The ashug art is a 500 year-old narrative and musical tradition that has survived in the mountains of Azerbaijan. The core of the art is the dastan epic that is told to the accompaniment of the Azerbaijani lute by an ashug, a minstrel who must train many years with a master in order to learn the art. These lengthy epics, which combine Caucasian folklore with Sufi philosophy, have been passed through generations for hundreds of years. Ashugs also engage in contests called deyishme in which they pose riddles intricately woven in improvised verse. There are many regional schools of the art, each of which has its own repertoire and music. Continuing a traditional method of encoding and communicating information over time, dastan contain layers of cultural, linguistic, and historical information about the peoples and microcultures of the Caucasian mountains. Every ashug performance is based on verbal improvisation within a traditional framework, thus every recording represents an artistic moment which will never be repeated.
Because this art is often dismissed as back-country folklore, there has been little effort by state cultural organs to preserve its traditions. Contemporary ashugs concentrate on short lyric songs in order to compete in the profit-centred entertainment marketplace, and many original features of the art are rapidly disappearing. Tragically, due to the territorial wars of the past 20 years, whole regional ashug schools have been wiped out, their surviving members dispersed as refugees. In addition, because of enduring economic crisis, the population has shifted to Baku, further undermining cultures of the rural regions. Today, epic dastan, deyishme, and the subtleties of regional variants are only known by the oldest ashugs, and this living heritage may be lost within the next 10 years.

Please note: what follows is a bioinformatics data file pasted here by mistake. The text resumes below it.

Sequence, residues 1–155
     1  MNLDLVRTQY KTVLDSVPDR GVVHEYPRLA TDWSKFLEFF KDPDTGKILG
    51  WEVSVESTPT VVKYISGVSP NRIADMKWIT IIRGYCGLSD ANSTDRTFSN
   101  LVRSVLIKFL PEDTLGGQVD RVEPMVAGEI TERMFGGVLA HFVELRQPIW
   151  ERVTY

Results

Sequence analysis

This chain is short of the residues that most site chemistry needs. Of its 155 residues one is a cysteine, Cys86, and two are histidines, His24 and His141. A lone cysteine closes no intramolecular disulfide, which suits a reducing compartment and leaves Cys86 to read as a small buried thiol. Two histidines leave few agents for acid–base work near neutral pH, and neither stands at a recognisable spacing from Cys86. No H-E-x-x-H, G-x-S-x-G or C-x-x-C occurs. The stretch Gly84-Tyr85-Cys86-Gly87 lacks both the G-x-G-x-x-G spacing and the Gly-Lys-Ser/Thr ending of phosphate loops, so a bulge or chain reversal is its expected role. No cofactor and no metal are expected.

Thanks to the efforts of Archive Director Madatov, the Azerbaijan State Archive of Sound Recordings has a significant collection of ashug arts of the past 70 years recorded on phonograph records, magnetic tape, and video. They also house a collection of photographs and field recordings. These holdings include more than 100 dastan, as well as deyishme and songs performed by ashugs from all regions of Azerbaijan. As the 20 th century witnessed several waves of dispersion and destruction of archives, many of the recordings are unique representations of a specific dastan or a great master ashug. Because these holdings are stored on media that is vulnerable to embrittlement over time, it is important that they are copied to digital media, both as a method of preservation and as a way to make the collection available to the public. Thus, the first goal of the pilot programme will be to identify the 50 most voluble items related to the ashuq art and to create digital copies.